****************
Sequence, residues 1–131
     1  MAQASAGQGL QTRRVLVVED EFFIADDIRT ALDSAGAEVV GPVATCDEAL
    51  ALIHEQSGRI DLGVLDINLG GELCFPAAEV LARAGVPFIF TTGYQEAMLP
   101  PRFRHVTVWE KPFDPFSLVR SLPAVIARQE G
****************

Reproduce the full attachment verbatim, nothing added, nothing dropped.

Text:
Sequence, residues 1–131
     1  MAQASAGQGL QTRRVLVVED EFFIADDIRT ALDSAGAEVV GPVATCDEAL
    51  ALIHEQSGRI DLGVLDINLG GELCFPAAEV LARAGVPFIF TTGYQEAMLP
   101  PRFRHVTVWE KPFDPFSLVR SLPAVIARQE G